Unless you’ve been living under a rock recently, you’re likely aware of the massive protests taking place in Hong Kong. What you might be less aware of is the effort being put in to keeping afloat despite censorship efforts: the protestors have started using mesh networks to get around attempts to shut them down.
FireChat has been used in some protests in the past, but has seen its first massive-scale use during the Hong Kong protests, with users taking advantage of the service to get around blocked and overloaded networks. It works in much the same way a protest does — every device becomes a little piece of the overall network, and the more devices near each other using it, the stronger the network grows.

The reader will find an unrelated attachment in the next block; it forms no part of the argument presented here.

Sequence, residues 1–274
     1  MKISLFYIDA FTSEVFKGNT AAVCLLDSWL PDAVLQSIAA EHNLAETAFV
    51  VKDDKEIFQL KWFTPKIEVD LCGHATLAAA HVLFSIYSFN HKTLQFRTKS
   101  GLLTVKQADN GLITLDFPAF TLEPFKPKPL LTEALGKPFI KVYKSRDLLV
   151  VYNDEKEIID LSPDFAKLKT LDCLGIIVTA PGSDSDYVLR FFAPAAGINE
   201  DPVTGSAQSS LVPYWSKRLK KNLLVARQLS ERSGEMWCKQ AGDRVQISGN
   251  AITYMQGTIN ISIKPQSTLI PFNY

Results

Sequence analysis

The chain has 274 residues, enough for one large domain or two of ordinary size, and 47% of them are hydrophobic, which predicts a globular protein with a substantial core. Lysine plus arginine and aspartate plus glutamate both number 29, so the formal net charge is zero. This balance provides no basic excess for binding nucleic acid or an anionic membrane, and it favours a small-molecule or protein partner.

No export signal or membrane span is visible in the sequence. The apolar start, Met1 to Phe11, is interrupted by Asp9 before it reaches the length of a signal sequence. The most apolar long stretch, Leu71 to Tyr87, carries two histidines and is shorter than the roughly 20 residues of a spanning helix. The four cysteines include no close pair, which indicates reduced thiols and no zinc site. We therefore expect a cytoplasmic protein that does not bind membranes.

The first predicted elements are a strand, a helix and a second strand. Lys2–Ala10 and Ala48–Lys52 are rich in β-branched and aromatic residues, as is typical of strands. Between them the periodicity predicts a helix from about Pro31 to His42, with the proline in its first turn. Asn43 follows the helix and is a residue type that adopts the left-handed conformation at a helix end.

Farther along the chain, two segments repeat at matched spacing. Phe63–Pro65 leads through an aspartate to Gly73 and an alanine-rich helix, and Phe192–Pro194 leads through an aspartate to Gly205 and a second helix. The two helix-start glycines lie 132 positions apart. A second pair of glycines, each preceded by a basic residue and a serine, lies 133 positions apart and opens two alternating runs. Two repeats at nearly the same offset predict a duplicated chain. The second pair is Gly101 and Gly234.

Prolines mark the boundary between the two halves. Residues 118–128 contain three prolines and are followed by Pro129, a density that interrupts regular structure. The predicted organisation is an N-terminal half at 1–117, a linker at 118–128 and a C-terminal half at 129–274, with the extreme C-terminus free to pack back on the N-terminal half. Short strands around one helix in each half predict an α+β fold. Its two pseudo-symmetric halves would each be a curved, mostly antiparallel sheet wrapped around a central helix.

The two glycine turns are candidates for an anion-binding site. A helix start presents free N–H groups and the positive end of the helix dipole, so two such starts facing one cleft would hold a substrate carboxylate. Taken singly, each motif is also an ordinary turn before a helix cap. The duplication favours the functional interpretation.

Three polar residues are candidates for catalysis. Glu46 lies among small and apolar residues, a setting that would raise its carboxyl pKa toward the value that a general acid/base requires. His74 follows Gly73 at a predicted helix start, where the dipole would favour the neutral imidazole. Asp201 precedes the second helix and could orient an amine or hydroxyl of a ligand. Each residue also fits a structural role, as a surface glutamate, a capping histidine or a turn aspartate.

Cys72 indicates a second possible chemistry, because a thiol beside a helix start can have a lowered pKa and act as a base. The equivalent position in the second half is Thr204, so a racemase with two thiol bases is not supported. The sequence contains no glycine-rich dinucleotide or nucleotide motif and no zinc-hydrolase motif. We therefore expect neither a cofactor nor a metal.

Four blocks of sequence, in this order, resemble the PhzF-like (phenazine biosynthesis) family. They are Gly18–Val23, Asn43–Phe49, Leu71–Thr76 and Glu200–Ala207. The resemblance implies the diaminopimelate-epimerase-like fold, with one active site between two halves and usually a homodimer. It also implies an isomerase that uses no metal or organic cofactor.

The Central region of Hong Kong has remained full despite police attempts to prod the protesters away, including violent measures like tear gas. Umbrellas have had an iconic presence in the protest, earning it the term the Umbrella Revolution. In light of its failed efforts, the Chinese government has taken to censoring media outlets.
Weibo and Instagram have both already been blocked, and concerns have turned towards the ceullar networks and Internet access at large being affected. That won’t have as much of an effect as intended, however, thanks to FireChat and the proliferation that has already taken place — the app was downloaded more than 100,000 times in a 24 hour period in Hong Kong.
SOURCE: Extreme Tech